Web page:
This week Dignity in Dying is intervening in a court case with an aim to improve clarity on end-of-life rights for patients and healthcare professionals under the current law. The ‘Martin’ case will be heard in the Supreme Court over the course of the week.
A lack of clarity for healthcare professionals is dangerous
Whilst the Director of Public Prosecution’s (DPP’s) policy on assistance to die indicates that compassionate amateur assistance to die is unlikely to result in prosecution (subject to a number of factors), it states that a factor in favour of prosecution is the involvement of a healthcare professional.
However, the Policy does not explain how this interacts with other factors likely to tend in favour or against prosecution. Nor does it explain how it relates to real-life situations healthcare professionals working with terminally-ill patients are likely to face.
As a result healthcare professionals may feel they cannot respond to patient’s questions about controlling their death (including travelling abroad to die) without risking being accused of encouraging suicide.
Unable to talk to healthcare professionals about their options, some patients take decisions without being fully informed. We believe this is dangerous and has negative consequences, including failed attempts by some to end their own life, causing unnecessary suffering and trauma for the patient and their loved ones.
We believe the DPP’s policy should provide more information on how it relates to healthcare professionals, specifically outlining what healthcare professionals can and cannot discuss with patients under the current law.
Dignity in Dying’s intervention
Dignity in Dying is intervening in the Martin Case to support the first of Martin’s arguments: that the policy is unclear to healthcare professionals.
Our submissions in this case will be supported by Professor Ray Tallis , Chair of Healthcare Professionals for Assisted dying (HPAD) and three additional witnesses – a healthcare professional and two people suffering from a terminal illness, Margaret John and Roch Maher.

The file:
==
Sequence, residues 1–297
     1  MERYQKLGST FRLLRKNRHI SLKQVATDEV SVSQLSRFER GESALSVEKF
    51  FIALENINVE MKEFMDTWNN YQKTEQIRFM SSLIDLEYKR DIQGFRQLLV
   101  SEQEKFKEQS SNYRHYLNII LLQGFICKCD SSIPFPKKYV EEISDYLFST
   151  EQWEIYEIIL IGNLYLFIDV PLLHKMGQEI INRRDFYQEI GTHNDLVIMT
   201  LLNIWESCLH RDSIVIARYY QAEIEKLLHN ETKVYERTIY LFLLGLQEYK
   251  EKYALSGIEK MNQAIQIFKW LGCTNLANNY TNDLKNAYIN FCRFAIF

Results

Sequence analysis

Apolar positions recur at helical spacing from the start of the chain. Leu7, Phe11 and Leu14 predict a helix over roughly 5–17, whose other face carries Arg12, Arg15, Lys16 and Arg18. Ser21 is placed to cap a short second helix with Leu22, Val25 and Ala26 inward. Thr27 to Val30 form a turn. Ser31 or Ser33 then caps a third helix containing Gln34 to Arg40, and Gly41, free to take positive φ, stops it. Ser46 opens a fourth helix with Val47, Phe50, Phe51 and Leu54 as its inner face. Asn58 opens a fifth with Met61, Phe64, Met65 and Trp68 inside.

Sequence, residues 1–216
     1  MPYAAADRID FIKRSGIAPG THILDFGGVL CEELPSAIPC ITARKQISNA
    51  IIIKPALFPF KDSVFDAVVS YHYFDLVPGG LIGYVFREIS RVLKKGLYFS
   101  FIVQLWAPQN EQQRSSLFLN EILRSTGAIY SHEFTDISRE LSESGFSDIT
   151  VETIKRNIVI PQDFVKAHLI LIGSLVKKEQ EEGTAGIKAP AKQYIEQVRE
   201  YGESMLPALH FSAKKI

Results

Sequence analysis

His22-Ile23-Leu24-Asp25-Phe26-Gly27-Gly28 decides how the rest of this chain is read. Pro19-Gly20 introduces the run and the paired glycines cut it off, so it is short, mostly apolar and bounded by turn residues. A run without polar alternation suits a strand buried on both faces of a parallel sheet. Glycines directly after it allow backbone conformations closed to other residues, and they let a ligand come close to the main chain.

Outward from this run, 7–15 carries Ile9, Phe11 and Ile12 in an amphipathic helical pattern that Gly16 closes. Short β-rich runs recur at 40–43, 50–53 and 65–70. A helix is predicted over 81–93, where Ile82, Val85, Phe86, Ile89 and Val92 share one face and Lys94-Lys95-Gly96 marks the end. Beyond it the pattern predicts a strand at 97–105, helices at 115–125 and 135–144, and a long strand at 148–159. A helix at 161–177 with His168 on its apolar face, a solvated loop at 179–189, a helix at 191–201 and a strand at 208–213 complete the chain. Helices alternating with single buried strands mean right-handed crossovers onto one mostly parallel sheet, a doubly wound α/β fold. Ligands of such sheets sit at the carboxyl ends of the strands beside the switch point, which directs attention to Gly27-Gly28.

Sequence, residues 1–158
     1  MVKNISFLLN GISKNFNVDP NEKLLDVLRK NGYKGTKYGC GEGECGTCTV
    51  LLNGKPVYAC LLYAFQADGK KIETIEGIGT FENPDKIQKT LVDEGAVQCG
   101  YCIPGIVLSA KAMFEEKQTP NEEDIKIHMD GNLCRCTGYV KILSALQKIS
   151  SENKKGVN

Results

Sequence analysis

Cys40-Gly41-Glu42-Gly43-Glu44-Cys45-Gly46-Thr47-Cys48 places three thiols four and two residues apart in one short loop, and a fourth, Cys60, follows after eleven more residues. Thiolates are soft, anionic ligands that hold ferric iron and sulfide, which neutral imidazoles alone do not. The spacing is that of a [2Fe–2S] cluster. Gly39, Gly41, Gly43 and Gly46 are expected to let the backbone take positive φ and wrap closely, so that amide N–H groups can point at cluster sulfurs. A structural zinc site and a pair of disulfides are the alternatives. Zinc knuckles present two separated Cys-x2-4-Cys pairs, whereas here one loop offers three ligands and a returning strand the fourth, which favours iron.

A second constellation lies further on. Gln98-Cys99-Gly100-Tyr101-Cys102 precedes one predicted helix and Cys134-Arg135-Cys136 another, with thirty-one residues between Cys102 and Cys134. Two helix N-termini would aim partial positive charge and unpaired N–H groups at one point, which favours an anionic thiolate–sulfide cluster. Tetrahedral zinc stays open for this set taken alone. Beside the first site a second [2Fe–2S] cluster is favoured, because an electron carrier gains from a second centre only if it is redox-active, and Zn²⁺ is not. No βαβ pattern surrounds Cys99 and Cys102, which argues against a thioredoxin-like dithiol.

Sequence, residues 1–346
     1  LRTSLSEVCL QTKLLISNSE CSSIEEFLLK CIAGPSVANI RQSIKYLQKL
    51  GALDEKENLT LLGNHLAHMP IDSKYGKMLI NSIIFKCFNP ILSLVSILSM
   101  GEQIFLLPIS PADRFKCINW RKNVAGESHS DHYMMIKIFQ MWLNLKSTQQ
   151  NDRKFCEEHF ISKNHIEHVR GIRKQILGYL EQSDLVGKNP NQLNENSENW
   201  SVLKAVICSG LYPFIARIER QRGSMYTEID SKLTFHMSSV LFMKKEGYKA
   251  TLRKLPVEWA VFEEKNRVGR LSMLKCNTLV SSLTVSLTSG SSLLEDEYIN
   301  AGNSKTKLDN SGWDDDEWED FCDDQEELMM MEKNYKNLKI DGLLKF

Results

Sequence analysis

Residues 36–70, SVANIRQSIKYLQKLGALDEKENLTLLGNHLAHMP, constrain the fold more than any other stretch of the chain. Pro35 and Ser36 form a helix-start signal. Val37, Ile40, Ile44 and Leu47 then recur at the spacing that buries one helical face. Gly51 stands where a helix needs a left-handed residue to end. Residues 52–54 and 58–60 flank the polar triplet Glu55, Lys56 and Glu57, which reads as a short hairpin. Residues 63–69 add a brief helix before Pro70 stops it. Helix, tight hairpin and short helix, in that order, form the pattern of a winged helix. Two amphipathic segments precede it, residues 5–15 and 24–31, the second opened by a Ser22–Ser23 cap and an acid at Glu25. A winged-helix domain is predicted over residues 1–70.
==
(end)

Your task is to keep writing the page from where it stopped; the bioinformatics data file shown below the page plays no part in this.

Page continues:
Margaret John is 73 years old and was diagnosed in 2009 with incurable ovarian cancer:
‘‘I do not want to die yet, but when I do I want to know I have choices. I have discussed managing my end-of-life care with my GP and he was very clear that he could not discuss assisted dying with me, but we were able to talk about other aspects of end-of-life care, like pain relief. I would not attempt to discuss assisted dying again with a healthcare professional as I would not want to put them in a difficult position or at risk of prosecution in order to fulfil my desire for what I consider to be a good and dignified death.
‘Without being able to discuss this with my healthcare team I do not really know what options are available to me in order to have the sort of death I hope for, and this uncertainty has left me feeling helpless and out of control. I fear my only real option is to attempt to end my life alone, and I don’t think I should have to resort to that. People in my position, who are terminally ill, should have choice and control over their death, we should not be forced to suffer against our wishes at the end of life.’
Roch Maher is 52 years of age and is married with two grown-up children. He was diagnosed with Motor Neurone Disease (MND) in 2009:
‘The current situation leaves terminally ill people like me, who want choice, feeling they have nowhere to turn: I would like to have an open conversation with my doctors about assisted dying but I have decided against it as I don’t want them to be accused of encouraging suicide.
‘This case could improve the current situation but we really need an assisted dying law which would safeguard people in my position and doctors, and protect family members.’
The purpose of this witness evidence is to explain to the court how the current lack of clarity in the DPP’s policy has affected these witnesses and others in a similar position.
We believe that if patients are able to talk about assistance to die with their doctors it will give them peace of mind. Furthermore, it will also reduce the risk of patients taking a decision to end their life without having discussed the reasons or the treatment options available to them beforehand.
What Dignity in Dying is trying to achieve by intervening
We hope that further clarity in the DPP’s policy could improve the situation for healthcare professionals and patients under the current law.
Dignity in Dying hopes to see:
• Greater clarity on how the Policy on assisted suicide applies to healthcare professionals.
• Better regulatory guidance from healthcare professionals from their professional organisations on the current law and how to respond to patient requests for assistance to die
• Peace of mind for patients who want to be able to discuss these issues more openly with their doctors and other healthcare professionals without putting them at risk of prosecution
• Reduced risk of patients taking a decision to end their life without having discussed their reasons and treatment options with a healthcare professional.
We will keep you up-to-date with the progress of the case. If you have any questions please get in touch.